After a lively discussion about our study, Edith served coffee, tea and dessert—her chocolate cake, which was always a big hit. Norman seemed particularly quiet and thoughtful as the rest of us continued chatting. This was unusual, and he’d been quite involved during the Bible study discussion, so I figured he was pondering something important.
When the conversation lulled and there was nothing but the clink of coffee cups and forks in our ears, Norman spoke in his firm yet gentle way. “Neill, did you think you were better than the rest of us in Manigotagan when you moved here?’
The question stopped me in my tracks. My heart leaped into my throat. Heads bobbed up and the conversation in the living room stopped. I guess everyone was as surprised as I was by his question. Everyone turned my way, waiting for my response. I had to take an honest look at myself before I could answer him truthfully. Despite my surprise that Norman would ask such a loaded question, I was glad that he felt free enough to do so, even in front of others. He deserved an honest answer, and it was right there, in my heart, but it wasn’t easy to admit.
“Yes, I did, Norman, I finally replied. “I came here after two years of studying at Bible college and I thought that I had a lot of answers.” With everyone’s eyes fixed on me, I continued. “I don’t feel that way now, though. I’ve learned so much from the people here—including you—and I know I have much more to learn.”
“For example, you taught me that God the creator was here long before us settlers arrived, and that Creator speaks to us through all of nature, if we’re willing to listen.” I looked from Norman to each person in the room by turn. “You’ve all taught me so much about God and about his creation. The Spirit is very alive in this community. Over the past year, I’ve gained deep appreciation for the respectful way you make your living off the land and water, and how your families have struggled to survive as a people all these years.”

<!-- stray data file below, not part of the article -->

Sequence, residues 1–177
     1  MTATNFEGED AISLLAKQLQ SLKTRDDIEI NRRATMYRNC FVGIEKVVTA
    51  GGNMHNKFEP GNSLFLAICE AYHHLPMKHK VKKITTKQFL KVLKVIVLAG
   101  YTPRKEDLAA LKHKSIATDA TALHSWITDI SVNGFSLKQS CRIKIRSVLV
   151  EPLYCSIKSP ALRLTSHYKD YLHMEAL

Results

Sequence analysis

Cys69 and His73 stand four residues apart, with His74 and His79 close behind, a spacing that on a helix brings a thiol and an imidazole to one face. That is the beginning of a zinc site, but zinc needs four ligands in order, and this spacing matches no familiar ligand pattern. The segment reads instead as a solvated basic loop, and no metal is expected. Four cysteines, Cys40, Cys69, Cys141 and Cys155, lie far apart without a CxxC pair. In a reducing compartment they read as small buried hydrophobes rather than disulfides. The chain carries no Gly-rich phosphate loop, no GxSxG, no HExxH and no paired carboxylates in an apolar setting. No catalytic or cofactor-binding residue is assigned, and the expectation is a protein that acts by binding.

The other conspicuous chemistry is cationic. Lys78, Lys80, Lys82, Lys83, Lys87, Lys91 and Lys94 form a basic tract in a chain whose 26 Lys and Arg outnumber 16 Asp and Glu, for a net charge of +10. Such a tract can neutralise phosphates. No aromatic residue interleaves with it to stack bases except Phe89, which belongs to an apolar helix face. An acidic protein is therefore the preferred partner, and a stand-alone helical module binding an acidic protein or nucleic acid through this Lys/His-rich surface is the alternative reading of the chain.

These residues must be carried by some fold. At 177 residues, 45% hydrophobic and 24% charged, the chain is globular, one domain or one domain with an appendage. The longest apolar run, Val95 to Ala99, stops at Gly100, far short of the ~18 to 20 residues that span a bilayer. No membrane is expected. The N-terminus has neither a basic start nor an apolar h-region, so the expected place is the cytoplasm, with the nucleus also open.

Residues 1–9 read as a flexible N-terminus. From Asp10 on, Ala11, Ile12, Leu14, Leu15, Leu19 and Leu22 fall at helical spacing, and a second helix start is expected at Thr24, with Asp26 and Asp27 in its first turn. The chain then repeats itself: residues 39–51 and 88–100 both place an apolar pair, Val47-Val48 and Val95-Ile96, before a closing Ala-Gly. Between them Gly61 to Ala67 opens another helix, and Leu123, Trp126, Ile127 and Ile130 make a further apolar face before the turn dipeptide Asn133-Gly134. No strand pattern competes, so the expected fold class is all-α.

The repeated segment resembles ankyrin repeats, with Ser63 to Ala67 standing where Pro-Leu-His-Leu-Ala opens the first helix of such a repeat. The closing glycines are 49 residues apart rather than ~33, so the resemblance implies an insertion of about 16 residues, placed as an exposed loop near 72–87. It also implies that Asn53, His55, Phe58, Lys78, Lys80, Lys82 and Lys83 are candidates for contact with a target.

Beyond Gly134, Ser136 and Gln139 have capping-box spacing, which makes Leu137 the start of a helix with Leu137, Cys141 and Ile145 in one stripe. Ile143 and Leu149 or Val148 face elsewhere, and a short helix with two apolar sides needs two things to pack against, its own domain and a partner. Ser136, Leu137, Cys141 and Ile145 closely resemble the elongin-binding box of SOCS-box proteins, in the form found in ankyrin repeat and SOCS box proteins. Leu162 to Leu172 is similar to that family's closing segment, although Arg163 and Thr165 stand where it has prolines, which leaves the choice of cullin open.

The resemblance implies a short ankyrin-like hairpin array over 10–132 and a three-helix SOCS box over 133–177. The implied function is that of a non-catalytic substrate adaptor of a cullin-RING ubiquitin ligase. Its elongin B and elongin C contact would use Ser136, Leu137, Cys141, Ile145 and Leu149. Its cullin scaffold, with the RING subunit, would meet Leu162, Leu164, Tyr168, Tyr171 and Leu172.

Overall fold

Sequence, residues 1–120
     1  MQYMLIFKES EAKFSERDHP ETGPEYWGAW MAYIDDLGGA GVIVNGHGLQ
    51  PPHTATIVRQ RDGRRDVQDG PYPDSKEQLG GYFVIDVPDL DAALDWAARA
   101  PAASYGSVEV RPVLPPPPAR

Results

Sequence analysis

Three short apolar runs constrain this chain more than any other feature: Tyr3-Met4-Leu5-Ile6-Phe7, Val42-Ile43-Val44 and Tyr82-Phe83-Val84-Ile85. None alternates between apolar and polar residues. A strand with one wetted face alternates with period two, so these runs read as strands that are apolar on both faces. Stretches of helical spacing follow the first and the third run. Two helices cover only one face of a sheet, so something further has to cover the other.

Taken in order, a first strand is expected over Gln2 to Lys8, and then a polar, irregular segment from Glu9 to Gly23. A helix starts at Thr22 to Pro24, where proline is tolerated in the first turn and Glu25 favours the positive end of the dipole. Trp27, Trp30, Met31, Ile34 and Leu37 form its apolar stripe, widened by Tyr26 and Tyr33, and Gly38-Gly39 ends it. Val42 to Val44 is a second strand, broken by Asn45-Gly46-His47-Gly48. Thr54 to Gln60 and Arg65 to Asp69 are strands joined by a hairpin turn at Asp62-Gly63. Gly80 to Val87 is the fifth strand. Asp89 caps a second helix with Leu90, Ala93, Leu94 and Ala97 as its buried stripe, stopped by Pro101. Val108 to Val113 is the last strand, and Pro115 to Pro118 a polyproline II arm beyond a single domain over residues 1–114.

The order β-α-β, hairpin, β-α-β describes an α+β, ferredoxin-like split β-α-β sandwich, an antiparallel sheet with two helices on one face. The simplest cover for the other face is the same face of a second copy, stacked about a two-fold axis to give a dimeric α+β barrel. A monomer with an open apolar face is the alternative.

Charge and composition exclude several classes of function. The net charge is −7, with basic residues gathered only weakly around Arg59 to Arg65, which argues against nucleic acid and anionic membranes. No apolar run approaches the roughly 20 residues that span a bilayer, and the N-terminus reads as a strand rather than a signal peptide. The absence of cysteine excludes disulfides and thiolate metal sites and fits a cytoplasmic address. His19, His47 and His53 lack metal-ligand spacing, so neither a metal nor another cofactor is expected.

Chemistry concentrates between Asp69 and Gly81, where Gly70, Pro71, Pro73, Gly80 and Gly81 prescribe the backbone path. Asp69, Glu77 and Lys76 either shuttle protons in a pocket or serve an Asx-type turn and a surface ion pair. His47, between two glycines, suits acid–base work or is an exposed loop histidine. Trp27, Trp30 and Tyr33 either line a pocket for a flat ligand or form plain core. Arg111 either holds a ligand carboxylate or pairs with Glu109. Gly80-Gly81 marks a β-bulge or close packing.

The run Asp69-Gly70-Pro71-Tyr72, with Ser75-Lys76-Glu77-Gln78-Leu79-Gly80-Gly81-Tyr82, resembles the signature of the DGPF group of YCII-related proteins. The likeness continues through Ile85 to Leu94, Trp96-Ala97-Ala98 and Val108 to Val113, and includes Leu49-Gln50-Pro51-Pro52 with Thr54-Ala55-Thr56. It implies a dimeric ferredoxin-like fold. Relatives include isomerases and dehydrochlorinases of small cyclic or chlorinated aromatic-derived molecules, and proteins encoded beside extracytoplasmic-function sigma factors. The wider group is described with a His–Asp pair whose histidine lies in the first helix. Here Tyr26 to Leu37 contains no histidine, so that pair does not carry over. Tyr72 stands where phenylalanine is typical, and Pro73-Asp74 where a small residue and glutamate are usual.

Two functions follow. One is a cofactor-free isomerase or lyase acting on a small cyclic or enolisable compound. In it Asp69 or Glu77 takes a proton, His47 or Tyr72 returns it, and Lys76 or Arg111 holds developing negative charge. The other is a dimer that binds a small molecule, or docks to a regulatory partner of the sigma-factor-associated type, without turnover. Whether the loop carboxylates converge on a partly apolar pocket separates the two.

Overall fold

Norman responded with a smile. “I can tell. You’re different,” he said. “You seem to understand us better, and your family has become an important part of our families and community.”
My relationship with Norman continued to grow over the years. Both of us like to look at situations from different perspectives. Sometimes we even take sides to debate an issue—and then switch sides so we can understand both perspectives better. A big part of our relationship is our ability to be truthful and honest with one another, and to stay open to new ways of thinking.
The afterword to the book is written by Loretta Meade Ross, the daughter of Norman and his late wife, Thelma. Meade Ross is the treaty commissioner of Manitoba. She leads off the afterword as follows:
“Do you think that you are better than us?”
Tears came to my eyes when I read that my dad . . . had asked Neill this question. It was a difficult question to pose to a friend, yet it is one that every Indigenous person wants to ask at some point. . . .
That question, Neill’s response and the journey toward relationship is at the heart of this book.
The von Guntens’ book is available from CommonWord at bit.ly/3y3NdCL. There will be book launch on Sept. 29 at 7:00 p.m. (CT).